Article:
Book of the Week 32: Jonah

Hebrew Name: Yonah

Human Author: Jonah son of Amittai                                

OT or NT: Old Testament

Number of Chapters: 4

Basic Facts

  1. Jonah is the thirty-second book of the Bible.
  2. In terms of literary genre, Jonah is classified as a book of prophecy.
  3. Jonah is a prophet to the city of Nineveh, the capitol of Assyria.
  4. The Hebrew name for the book of Jonah is Yonah, which means “dove.”
  5. Jonah is initially disobedient when God calls him to be a prophet.

Story of the Book

The book of Jonah tells the story of Jonah’s calling as a prophet to the city of Nineveh. (Nineveh is the capital of Assyria.) God calls Jonah to preach a message of repentance to Nineveh, but Jonah is initially disobedient and sets sail in order to flee to Tarshish and escape from God’s call. God causes a storm which threatens Jonah’s ship to come up on the sea. Jonah, with a guilty conscience, volunteers to be thrown overboard in order to assuage God’s anger over his disobedience. God sends a large fish which swallows Jonah whole. After three days and three nights, the fish vomits Jonah upon the shore, and God renews Jonah’s call to give a message of warning to Nineveh. This second time, Jonah obediently preaches God’s message to Nineveh, and the people of Nineveh repent. God relents from sending judgment upon Nineveh because of their repentance, and Jonah is angry with God for showing mercy. God rebukes Jonah and says that it is right that He (God) should be concerned about the spiritual welfare of the great city of Nineveh.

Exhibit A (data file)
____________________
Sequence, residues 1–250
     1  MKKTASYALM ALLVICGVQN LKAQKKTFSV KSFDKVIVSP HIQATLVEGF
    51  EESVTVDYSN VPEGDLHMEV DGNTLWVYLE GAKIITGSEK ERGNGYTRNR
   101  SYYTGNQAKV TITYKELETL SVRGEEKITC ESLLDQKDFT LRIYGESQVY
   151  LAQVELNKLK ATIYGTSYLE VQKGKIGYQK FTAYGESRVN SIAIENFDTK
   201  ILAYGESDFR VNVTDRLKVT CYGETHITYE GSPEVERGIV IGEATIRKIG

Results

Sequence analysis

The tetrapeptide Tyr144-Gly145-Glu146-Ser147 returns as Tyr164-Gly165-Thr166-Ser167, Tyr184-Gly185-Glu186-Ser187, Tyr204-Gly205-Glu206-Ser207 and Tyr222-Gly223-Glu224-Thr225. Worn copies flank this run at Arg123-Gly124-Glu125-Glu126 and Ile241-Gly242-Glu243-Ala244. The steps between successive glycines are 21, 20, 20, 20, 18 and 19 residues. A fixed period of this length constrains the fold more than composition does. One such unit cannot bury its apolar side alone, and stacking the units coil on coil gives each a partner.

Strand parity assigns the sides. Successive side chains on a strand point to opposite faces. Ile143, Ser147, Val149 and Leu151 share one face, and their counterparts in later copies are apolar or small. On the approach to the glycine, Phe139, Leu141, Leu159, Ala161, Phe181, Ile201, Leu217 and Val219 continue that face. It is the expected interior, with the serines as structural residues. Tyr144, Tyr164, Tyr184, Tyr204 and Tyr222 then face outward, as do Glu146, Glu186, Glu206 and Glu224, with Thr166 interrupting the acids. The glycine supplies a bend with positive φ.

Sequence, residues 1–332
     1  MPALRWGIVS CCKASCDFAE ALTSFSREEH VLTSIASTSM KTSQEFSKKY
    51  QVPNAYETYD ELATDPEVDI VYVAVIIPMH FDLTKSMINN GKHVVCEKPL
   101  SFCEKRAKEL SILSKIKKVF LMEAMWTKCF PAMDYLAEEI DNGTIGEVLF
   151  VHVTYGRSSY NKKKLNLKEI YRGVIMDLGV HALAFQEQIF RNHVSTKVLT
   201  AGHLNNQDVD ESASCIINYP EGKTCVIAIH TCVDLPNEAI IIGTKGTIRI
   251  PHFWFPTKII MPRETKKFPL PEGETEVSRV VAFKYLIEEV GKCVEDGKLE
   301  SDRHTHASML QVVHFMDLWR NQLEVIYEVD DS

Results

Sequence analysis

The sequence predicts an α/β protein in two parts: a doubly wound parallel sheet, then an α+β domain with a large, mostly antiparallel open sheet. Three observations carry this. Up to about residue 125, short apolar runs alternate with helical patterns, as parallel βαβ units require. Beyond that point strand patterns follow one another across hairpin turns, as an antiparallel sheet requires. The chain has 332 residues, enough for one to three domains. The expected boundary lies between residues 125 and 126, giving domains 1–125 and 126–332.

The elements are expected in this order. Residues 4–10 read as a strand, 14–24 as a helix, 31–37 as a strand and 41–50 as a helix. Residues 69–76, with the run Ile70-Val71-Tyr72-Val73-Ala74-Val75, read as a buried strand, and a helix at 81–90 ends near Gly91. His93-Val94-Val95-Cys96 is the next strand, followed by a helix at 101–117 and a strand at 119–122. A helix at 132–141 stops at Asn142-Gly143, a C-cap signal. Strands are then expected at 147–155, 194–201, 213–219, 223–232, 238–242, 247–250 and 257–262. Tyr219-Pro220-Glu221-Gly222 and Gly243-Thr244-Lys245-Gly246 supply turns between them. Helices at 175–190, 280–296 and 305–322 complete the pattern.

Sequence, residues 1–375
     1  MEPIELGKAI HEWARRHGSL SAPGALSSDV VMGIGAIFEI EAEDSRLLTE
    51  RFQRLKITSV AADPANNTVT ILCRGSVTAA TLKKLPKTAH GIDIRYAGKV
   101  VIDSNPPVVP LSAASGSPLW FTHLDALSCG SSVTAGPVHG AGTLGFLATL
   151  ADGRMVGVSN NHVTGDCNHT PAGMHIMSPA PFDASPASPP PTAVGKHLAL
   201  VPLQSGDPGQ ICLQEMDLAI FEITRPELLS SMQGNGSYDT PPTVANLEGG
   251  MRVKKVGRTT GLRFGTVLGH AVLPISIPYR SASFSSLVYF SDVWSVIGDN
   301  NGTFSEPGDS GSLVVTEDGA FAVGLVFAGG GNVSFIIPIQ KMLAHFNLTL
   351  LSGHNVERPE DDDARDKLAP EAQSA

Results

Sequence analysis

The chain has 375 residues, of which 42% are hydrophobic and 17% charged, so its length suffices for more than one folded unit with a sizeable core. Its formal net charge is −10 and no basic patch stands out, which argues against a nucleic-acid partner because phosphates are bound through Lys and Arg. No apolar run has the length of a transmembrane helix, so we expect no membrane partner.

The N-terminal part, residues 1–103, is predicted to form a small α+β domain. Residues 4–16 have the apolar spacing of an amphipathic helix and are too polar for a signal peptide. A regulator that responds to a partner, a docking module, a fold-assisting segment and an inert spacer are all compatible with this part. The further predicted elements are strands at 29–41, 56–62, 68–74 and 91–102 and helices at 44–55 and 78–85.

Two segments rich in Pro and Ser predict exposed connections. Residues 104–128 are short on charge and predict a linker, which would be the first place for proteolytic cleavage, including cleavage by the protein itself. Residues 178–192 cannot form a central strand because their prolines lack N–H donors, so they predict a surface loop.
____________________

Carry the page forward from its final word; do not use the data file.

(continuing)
Jesus Foreshadowed in Jonah

Jesus is foreshadowed in Jonah in a way that is not immediately apparent in the Old Testament text. Jonah’s initial disobedience when he tries to run from God’s call results in Jonah's being swallowed by a great fish (Jonah 1:12-2:10). Later, in the ministry of Jesus, this event in the life of the prophet Jonah is described as a sign. When a group of Pharisees asks Jesus to perform a sign, Jesus responds saying: “An evil and adulterous generation seeks for a sign, but no sign will be given to it except the sign of the prophet Jonah. For just as Jonah was three days and three nights in the belly of the great fish, so will the Son of Man be three days and three nights in the heart of the earth. The men of Nineveh will rise up at the judgment with this generation and condemn it, for they repented at the preaching of Jonah, and behold, something greater than Jonah is here" (Matthew 12:39-41). In this way, Jesus describes the time Jonah spent in the belly of a fish as a sign of Jesus’ time spent in the grave between His death and resurrection (Matthew 17:22-23; Luke 9:21-22). Jesus also commends the people of Nineveh in a way, for they repented at Jonah's warning concerning God’s coming judgment, but the people Jesus is speaking to do not repent even though they see Jesus face to face.

In a more general sense, Jesus is foreshadowed in Jonah as a picture of God’s mercy and compassion. When the people of Nineveh repent of their sins, God relents from sending disaster (Jonah 3:3-4:11). All who repent and believe in Christ receive mercy and grace from God and deliverance from our sins on account of Him (Hebrews 4:14-16).